Castlevania 2
Simon's Quest

James: Castlevania 2 is the one that's known as the "oddball" of the original NES series, because of how different it is from the first and third Castlevania games. Whereas 1 and 3 are straightforward action games, Castlevania 2 is a non-linear adventure game with multiple branching paths. Once again, you are in the boots of Simon Belmont, vampire hunter from Castlvania 1, and although you defeated Count Dracula in that game's story, you now carry his curse. To break his curse, you must find his five missing body parts and take them to Dracula's Castle to burn them, but time is of the essence.

One thing about Castlevania 2 is that it's a game people either love or hate. Many people love the graphics, music, RPG elements, and freedom of exploration.Others, however, cite that the puzzles are very difficult to solve on your own, and the game's enemies and bosses provide very little challenge. I'm somewhere in between those two trains of thought. I like this game, but once you know what to do, it's easy to blow through it without a hitch. And before you know what to do, some abstract puzzle could easily stump you forever until you either look up what to do or someone tells you the answer. I had a bit of an advantage because my older sister played this game before me, and I think she got some clues from Nintendo Power magazine for the puzzles.

To give you an example of how abstract Castlevania 2's puzzles are, there are certain areas where you have to kneel for several seconds with a specific item selected. There are only some very, very vague clues in the game that tell you only vaguely how and where to do this, and finding those clues is about as difficult as solving the puzzle without them. (I'm reminded of that "waiting behind the waterfall" part in Earthbound that I complained about in our previous review.)

But let's look at the other side of the coin for a moment. If Castlevania 2's puzzles weren't so difficult to solve, you'd finish the game far too quickly. The enemies aren't all that difficult to deal with, and neither are the bosses. There's an item called the "Laurel" that you can buy that gives you temporary invincibility, and these can be used anytime, anywhere, even when fighting the final boss. Maybe part of the thinking behind Castlevania 2 was to give you a different kind of challenge than the first game; a thinking challenge rather than an action one. And it's nice to see some puzzles that don't just involve pushing blocks or cutting something down with a sword. I also think, to be fair, that although the enemies aren't all that challenging, the game is paced well. As in most RPG-like games, you can increase your experience level by fighting lots of enemies. If you increase one level per mansion that you complete, you should be just about ready to handle the enemies around and inside the next mansion. Of course, the game is non-linear, so figuring out which mansion to topple next, is part of the challenge. You will also need to find and/or buy weapon and item upgrades to stand a chance. Theoretically, you don't need all of the upgrades to beat the game, but they do make it much easier.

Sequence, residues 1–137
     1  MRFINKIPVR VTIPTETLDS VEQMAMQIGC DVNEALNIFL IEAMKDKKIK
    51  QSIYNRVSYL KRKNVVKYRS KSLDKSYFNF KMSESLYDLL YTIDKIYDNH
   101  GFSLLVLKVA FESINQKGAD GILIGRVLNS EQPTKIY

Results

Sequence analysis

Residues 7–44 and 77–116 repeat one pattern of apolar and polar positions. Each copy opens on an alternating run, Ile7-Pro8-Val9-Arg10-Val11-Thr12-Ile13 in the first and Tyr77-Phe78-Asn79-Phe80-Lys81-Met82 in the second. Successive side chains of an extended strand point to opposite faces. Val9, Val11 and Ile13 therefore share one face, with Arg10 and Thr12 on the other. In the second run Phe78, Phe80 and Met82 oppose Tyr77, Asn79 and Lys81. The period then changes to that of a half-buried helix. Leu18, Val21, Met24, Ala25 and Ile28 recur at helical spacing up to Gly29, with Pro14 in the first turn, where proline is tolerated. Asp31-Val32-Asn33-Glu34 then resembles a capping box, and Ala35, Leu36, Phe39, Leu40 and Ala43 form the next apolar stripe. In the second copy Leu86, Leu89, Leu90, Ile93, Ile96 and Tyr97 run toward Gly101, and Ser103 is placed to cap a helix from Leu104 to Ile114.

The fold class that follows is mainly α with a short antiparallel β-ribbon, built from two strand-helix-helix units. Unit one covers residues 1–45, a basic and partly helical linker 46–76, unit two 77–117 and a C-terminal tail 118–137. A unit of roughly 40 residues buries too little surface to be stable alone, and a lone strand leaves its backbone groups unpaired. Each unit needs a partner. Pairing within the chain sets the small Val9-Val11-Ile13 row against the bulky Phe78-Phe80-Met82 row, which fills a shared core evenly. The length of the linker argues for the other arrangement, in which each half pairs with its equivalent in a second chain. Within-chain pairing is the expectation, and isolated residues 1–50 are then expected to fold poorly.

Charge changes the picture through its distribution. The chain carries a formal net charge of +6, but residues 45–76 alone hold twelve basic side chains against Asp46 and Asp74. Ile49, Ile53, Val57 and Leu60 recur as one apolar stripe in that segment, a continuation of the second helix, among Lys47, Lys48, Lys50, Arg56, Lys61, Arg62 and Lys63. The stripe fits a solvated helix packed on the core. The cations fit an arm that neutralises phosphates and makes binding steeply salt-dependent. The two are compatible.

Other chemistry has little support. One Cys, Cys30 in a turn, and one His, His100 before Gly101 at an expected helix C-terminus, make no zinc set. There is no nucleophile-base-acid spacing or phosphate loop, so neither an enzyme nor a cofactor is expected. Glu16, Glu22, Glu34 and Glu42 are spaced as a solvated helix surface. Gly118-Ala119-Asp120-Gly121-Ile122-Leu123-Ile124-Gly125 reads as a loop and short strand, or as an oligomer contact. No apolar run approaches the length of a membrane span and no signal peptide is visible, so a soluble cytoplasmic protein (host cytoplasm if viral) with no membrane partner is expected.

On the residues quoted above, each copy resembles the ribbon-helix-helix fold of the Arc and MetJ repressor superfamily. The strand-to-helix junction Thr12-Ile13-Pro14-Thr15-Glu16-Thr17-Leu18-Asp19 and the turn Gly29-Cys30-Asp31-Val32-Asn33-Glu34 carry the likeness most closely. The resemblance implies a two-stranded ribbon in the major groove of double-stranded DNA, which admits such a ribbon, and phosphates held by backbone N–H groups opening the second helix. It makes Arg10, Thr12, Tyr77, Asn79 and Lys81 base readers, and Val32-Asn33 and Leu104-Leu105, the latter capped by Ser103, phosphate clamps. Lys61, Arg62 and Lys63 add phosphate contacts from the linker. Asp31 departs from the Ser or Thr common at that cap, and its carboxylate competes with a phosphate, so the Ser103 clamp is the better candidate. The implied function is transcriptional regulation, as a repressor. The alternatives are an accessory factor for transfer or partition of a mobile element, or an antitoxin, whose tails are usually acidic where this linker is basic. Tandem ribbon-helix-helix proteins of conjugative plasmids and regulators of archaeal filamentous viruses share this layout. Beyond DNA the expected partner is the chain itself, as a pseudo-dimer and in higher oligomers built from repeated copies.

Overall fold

Overall, I'd say Castlevania 2 is a good game that's a lot of fun to play, but it's not necessarily challenging, and you probably will need to look up a FAQ to complete it. The music and graphics are also pretty damn good, some of the best on the NES. I also like the style and artwork of the enemies and backgrounds. It's a game that won't necessarily make you a better person for having played it, but it won't hurt, either. Do you have any thoughts, my small purple friend?

Junus: Yes, I do, and I guess I can honestly say that in the short history of our reviewing career, I pretty much agree with everything you've said. I do think that sometimes people whine a bit too much about this game's puzzles. Does it really kill you to look up a FAQ once in awhile? People do it for other games all the time, but this is the one that always seems to receive the most flak for it. Gimme a break! And although the game is easy in comparison to Castlevania 1 and 3, I can think of plenty of games that are far easier. Though I admit the final boss is a pathetic joke. The first time I got to him, I was taken by surprise and wiped out, but I don't think I've ever lost to him since. Maybe Konami was just trying to surprise people with that boss. After all, the goal of the game is to take Dracula's parts to his castle and burn them, and Dracula is already supposed to be dead. Nowhere is it mentioned that you'll have to actually fight him again. So maybe it's supposed to be more of a "Surprise!" thing than a true boss fight.

James: True, but they can still surprise you and provide a decent boss fight. And it's not like we shouldn't be expected to figure out that we're not going to actually fight Dracula at the end. This is a Castlevania game, after all. And how many games can you think of that end without a final boss fight? That's be really anti-climactic. But you also can't say "don't use laurels" to make it harder, because he's easy even without them.